The study, published Monday (Jan. 25), said year-ahead total household spending growth expectations rose sharply, with a continuing rebound from the severe downturn in April as the pandemic was beginning, the release stated.
In addition, median year-ahead expected growth in non-essential and essential household spending were both up to new series highs, according to the release.
If consumers had an unexpected 10 percent boost in income, 36.3 percent would be used to pay debt, 44.5 percent would be saved or invested, and 19.3 percent would be spent or donated, the release stated.
The study found that 54.6 percent of households reported in December that they had made at least one large purchase, according to the release. Despite the increase from earlier months in the pandemic, the number is still below the 62.5 percent seen in December 2019.
The median expected growth for all households sat at 3 percent in December, up from 2.2 percent in August and 2.4 percent in December 2019, according to the release.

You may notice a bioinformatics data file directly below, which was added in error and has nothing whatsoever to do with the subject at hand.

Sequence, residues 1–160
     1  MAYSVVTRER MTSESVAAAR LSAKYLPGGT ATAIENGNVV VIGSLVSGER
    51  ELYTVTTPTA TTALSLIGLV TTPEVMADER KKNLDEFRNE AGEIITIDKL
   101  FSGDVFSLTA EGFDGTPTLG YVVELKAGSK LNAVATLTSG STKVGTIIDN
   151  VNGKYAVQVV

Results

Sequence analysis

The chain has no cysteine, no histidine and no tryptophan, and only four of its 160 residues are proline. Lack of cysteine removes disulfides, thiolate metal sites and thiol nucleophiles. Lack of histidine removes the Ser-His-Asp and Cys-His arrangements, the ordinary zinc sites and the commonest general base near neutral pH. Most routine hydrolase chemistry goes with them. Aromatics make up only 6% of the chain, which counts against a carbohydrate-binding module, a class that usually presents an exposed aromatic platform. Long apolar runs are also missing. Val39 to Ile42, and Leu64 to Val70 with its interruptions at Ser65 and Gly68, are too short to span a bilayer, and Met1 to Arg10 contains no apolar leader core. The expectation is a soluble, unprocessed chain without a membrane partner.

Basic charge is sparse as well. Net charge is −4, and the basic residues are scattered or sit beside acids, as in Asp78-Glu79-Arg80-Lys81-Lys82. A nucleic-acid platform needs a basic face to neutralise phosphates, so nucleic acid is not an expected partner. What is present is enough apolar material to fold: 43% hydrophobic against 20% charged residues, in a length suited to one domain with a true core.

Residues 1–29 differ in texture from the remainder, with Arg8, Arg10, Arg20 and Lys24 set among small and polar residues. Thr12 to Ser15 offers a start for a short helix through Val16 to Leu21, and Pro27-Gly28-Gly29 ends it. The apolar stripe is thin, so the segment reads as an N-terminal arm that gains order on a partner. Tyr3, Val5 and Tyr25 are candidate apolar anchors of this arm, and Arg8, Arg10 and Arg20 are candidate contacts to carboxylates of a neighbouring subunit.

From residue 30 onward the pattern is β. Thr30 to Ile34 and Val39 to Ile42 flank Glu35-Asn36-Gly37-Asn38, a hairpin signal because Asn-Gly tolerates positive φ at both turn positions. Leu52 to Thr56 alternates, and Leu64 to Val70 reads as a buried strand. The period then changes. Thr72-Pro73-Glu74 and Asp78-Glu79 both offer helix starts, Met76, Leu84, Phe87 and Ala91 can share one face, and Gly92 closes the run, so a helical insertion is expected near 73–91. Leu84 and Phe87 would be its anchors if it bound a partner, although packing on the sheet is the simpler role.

Digging into the difference between the spending on essential or non-essential items, the median year-ahead expected change in household spending on items like daily living expenses increased to 4.1 percent in December, up from 3.5 percent in August. On non-essential items, such as hobbies, leisure or vacations, the median expected change in spending rose to 1.6 percent, which was a boost from 1 percent in August, the release stated.
As the recent pandemic aid relief bill passed in the U.S., restaurant chains reported that they had seen spikes in spending, PYMNTS reported. The bill included $600 stimulus checks for individuals and $300 per week in new unemployment benefits. Several chains, including Church’s Chicken, Checkers, Noodles & Company and TGI Fridays, said they saw higher spending that they believed was linked to the new funding.
According to the report, the bubble could burst if the pandemic takes an unexpected turn or rules continue to evolve from governments.